Likewise a painter or musician may attempt to capture a religious experience in such a way that it can be re-experienced by others. The Hallelujah Chorus from Handel's Messiah seems to have captured some of the essential traits of a religious experience in such a way that many people have a sense of the holy when listening to it. When it comes to Handel's Hallelujah Chorus, the words manage to form one part of the experience. They convey the sense of timelessness ("forever and ever ... "), the sense that God's benevolence is the ultimate power in the world ("For the Lord God Omnipotent reigneth"), that any trouble we have in this world is a small thing compared to the world to come ("King of kings, and Lord of lords!"). There is some artistry in portraying a sense of underlying unity as all the different voices join in the one song, but with slightly different timing, so that you don't lose the sense that there are a series of different voices joined together. The music is also crafted so as to reinforce those messages, and enhance the sense of an intricate beauty, where beauty is also an underlying motif of religious experiences.

There is, in the best of art or literature, something profound, something that transcends. And for some artists who are drawing on the depths of the holy for their inspiration, that art itself can communicate the holy.

Monday, July 21, 2014

Christianity v. religious rule-keeping

There are people who think of Christianity as a system of religious rules. That's surprising to me: Reading the teachings of Jesus in the New Testament, and Paul after him, Christianity at its foundation contains a direct challenge to the whole system of religious rule-keeping. It openly questions the value of time-honored religious traditions. It points out the risks of thinking there is something spiritual about rule-keeping. And here, I would not say that rule-keeping is seen as "nothing" -- since "nothing" could be harmless. Rule-keeping is discussed as something far worse than "nothing". In the New Testament, there is plain discussion of the problem of religious rule-keeping as a temptation to pride, an excuse for cruelty, a "respectable " mask for the self-righteous, an occasion for arrogance. It shows how rule-keeping can blind us to the human need for mercy. And that last may be the worst of all: as Christians, we are asked to be the face and voice of mercy in this world.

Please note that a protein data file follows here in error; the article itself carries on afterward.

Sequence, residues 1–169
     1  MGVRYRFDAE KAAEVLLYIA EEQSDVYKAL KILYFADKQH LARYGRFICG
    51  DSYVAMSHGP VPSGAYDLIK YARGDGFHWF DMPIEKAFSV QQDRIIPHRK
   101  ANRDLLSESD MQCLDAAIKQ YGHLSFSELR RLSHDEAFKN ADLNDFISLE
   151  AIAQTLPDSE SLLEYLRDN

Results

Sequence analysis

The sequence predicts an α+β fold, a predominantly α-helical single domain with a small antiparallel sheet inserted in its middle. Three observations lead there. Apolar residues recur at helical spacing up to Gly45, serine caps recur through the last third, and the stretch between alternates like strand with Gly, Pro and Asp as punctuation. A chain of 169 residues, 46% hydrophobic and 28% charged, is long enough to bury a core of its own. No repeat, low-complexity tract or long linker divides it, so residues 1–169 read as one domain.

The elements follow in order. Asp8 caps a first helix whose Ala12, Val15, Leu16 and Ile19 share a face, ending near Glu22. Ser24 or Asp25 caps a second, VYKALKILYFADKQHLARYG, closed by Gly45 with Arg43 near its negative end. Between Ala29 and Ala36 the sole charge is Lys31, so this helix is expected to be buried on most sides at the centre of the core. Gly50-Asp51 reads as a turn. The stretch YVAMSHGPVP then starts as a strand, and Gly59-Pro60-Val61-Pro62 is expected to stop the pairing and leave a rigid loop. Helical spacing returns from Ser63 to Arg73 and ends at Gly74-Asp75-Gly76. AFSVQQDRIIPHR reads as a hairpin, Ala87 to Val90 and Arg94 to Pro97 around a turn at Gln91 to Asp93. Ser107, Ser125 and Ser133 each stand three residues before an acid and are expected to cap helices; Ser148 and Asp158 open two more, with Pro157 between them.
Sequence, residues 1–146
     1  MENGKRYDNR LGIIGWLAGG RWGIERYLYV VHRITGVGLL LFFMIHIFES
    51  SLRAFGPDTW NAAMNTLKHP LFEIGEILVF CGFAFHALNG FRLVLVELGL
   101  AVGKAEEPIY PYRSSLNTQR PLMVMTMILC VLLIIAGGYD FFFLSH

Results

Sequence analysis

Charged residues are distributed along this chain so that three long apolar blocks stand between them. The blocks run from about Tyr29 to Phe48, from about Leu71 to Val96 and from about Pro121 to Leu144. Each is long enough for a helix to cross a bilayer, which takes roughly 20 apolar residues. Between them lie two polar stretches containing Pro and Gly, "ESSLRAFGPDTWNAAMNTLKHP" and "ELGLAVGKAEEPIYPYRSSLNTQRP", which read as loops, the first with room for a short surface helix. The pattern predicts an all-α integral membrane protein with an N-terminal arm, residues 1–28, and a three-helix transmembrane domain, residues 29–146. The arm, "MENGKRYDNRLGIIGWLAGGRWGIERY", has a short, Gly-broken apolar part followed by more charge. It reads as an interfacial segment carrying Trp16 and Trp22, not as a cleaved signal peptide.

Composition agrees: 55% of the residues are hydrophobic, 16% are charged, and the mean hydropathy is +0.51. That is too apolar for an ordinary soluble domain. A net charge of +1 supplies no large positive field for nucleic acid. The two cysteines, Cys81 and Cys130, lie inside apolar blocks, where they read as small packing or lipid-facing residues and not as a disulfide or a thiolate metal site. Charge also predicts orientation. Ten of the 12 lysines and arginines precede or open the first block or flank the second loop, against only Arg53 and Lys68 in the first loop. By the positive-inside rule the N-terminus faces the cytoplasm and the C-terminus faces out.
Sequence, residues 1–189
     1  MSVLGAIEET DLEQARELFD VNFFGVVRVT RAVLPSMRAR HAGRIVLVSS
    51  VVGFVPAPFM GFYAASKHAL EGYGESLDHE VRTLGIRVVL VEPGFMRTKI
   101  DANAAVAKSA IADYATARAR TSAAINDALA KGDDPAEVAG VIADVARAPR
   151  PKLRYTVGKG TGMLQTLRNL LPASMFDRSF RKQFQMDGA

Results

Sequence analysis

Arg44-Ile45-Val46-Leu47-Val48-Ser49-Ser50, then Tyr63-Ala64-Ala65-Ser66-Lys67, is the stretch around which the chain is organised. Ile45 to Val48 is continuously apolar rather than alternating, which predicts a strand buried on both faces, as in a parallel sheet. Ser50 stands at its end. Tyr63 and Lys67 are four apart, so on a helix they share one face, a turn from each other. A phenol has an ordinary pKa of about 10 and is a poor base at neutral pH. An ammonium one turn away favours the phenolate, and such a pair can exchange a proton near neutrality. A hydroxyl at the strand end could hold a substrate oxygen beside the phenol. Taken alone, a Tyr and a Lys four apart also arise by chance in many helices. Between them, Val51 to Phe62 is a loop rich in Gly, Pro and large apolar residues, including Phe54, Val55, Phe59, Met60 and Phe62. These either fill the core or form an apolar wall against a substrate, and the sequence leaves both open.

What about the Ten Commandments, "Thou shalt not murder" and "Thou shalt not commit adultery" and all that? Well, nobody who is determined to be the face and voice of mercy in the world is going to murder someone or sneak around with their wife or husband. That's a lot different from thinking you get brownie points for not being a murderer or a homewrecker. "The rules" are there to safeguard and protect a good life. The more we want to make things good for people all around us, the less we need to be told not to steal their things or lie about them behind their backs -- and the less we think we deserve some sort of special recognition merely for not being evil.

Once we have grasped the law of mercy, the wisdom of kindness, then we'll recognize those "rules" as tools meant to implement that kindness. Beware if you hear of someone telling you to keep the rules for the sake of your own perfection. Keep them for the sake of your neighbor.